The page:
Federer rebounds to keep ATP Finals hopes alive
- Roger Federer rediscovered his verve in the nick of time to outclass Austrian Dominic Thiem 6-2 6-3 on Tuesday and maintain his hopes of reaching the last four at the ATP Finals.
Roger Federer rediscovered his verve in the nick of time to outclass Austrian Dominic Thiem 6-2 6-3 on Tuesday and maintain his hopes of reaching the last four at the ATP Finals.
The 37-year-old’s proud record of always reaching the semi-finals at the season-ender since it moved to London in 2009 looked in peril after a surprise loss to Kei Nishikori in his opening round-robin match on Sunday.
Another defeat would have made it impossible for the Swiss to reach the semis but the six-time champion rebounded in style to post a classy win in which he lost only six points on serve.
There is still work to do for the second seed, however, especially as giant South African Kevin Anderson, who he plays at the conclusion of the group on Thursday, is in red-hot form.
Anderson, the first player from his country to qualify for the ATP’s blue riband tournament since 1995, leads the Lleyton Hewitt group with two wins after trouncing Nishikori 6-0 6-1.
The inspired 32-year-old won the first 11 games but was denied only the second ‘double bagel’ in the event’s 48-year history after Federer’s 2005 rout of Argentina’s Gaston Gaudio.
“I hope it is not a match like Kevin Anderson played this afternoon!” Federer, who lost their Wimbledon quarter-final clash this year, said on court.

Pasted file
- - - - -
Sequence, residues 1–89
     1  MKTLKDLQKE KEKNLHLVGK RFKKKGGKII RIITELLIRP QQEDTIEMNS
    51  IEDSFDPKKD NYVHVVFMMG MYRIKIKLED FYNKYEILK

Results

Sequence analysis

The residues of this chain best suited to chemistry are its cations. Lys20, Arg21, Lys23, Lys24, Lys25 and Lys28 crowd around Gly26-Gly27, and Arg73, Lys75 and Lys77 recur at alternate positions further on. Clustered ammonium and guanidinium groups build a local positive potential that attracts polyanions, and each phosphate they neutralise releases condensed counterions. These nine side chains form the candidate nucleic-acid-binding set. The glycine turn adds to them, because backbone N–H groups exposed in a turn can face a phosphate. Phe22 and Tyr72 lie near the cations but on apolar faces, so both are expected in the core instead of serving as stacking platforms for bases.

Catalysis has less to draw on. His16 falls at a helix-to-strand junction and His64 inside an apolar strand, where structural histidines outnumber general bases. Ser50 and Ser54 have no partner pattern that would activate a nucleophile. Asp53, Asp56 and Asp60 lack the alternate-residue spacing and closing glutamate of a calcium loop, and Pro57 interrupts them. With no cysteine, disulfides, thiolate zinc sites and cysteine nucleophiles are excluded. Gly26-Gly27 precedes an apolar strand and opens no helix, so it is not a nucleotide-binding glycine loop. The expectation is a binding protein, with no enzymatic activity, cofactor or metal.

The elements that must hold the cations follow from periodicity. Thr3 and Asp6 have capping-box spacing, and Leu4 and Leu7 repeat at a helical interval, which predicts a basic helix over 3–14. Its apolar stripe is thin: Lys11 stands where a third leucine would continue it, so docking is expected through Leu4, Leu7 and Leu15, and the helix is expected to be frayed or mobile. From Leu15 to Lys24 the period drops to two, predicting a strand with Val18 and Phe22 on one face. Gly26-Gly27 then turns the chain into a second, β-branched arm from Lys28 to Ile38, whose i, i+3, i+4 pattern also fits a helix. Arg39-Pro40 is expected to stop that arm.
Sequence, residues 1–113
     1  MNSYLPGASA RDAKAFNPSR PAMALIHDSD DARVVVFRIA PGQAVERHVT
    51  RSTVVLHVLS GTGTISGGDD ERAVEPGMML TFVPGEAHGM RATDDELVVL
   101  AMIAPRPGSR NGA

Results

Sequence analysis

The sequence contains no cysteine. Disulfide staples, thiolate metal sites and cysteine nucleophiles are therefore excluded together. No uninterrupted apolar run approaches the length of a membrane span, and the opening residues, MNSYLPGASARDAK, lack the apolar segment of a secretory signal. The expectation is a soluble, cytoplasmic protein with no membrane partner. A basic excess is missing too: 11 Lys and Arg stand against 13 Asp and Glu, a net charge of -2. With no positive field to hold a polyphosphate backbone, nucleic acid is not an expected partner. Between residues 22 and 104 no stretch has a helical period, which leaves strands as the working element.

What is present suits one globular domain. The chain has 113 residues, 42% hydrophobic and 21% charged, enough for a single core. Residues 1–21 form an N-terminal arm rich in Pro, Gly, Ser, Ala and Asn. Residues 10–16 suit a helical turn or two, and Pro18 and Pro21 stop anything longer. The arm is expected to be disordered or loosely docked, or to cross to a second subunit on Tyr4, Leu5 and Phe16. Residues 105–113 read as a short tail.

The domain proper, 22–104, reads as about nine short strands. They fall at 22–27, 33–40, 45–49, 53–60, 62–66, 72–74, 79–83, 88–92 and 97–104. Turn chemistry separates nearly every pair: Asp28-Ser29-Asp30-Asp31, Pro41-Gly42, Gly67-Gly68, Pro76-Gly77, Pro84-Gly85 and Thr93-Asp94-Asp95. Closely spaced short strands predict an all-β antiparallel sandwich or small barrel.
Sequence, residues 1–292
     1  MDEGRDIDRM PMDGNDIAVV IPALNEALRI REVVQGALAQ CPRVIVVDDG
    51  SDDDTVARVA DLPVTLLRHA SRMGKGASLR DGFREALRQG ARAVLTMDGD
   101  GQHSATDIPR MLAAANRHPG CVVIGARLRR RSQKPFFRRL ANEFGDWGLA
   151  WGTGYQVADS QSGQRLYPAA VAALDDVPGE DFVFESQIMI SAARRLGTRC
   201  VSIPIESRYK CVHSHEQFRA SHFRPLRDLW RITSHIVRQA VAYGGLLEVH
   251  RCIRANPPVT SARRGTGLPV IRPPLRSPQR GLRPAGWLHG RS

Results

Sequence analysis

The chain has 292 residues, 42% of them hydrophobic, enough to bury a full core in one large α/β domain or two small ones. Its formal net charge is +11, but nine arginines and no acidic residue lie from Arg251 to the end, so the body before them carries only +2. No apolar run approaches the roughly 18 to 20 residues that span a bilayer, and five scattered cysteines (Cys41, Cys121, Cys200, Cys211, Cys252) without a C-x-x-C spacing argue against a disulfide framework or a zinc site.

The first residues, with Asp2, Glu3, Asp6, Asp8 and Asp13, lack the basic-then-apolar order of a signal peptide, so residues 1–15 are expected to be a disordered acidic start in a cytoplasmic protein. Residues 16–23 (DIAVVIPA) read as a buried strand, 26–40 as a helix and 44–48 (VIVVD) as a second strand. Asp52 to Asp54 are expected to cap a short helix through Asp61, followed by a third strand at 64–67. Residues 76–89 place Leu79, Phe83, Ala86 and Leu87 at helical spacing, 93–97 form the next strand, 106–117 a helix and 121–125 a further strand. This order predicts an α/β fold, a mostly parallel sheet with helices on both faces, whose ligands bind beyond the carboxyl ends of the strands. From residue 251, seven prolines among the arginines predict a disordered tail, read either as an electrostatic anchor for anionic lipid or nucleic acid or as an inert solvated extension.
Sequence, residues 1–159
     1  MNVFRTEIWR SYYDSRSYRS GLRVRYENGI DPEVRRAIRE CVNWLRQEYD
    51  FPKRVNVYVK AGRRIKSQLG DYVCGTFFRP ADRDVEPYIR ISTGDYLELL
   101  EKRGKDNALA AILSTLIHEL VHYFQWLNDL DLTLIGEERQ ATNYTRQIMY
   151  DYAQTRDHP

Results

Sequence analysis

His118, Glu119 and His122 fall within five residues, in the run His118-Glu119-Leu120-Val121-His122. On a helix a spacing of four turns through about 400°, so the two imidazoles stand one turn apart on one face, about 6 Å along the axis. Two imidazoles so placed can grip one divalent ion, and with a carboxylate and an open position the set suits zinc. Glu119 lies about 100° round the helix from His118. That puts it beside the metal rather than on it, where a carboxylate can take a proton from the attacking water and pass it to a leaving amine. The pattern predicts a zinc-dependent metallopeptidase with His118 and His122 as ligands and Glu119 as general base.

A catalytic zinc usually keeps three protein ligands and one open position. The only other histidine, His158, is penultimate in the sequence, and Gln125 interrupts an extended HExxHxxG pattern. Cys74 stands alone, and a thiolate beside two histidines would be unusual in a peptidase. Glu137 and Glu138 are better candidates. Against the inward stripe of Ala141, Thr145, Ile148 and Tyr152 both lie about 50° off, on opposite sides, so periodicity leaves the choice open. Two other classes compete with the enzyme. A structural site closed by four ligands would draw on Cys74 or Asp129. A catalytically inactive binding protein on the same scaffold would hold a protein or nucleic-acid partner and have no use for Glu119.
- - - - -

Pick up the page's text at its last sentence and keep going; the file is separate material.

“It feels good (today). I am very happy that I showed a reaction after the last match. It’s not something I’m used to — losing then coming back to play.”
Federer was erratic and grumpy in his straight sets defeat by Nishikori, but he returned 48 hours later with a majestic display which delighted the sell-out O2 Arena crowd.
“I don’t know what happened against Nishikori. Maybe it’s the round-robin format that got to me,” Federer said.
“So for me it was really important to remind myself what a thrill it is to play here at the O2. I love playing in London, always have, always will.”
He certainly looked back in the groove, making only 11 unforced errors, compared to the 34 against Nishikori, and surrendering just six points on serve.
Thiem, who lost his opener to Anderson, saved a break point in the first game but Federer kept him under constant pressure and broke at 1-1 when the 25-year-old sent a forehand long.
Two tame volley errors by Thiem gave Federer another break for a 5-2 lead as he cruised to the opening set.
Federer turned the screw to break again immediately in the second set. Thiem did let rip with some stunning backhands but with the world number three back in the groove they made little impression as the Swiss sealed a 56th match win at the tournament he has qualified for a record 16 times.
Anderson looks almost certain to reach the semi-finals even if he is beaten by Federer on Thursday.
He produced a near-perfect display against Nishikori who he lost to two weeks ago in Paris.
“It’s amongst the best (matches) I’ve played,” world number six Anderson told reporters. “I did a really good job constantly applying the pressure and not letting up.
“I felt I did a fantastic job throughout really.”
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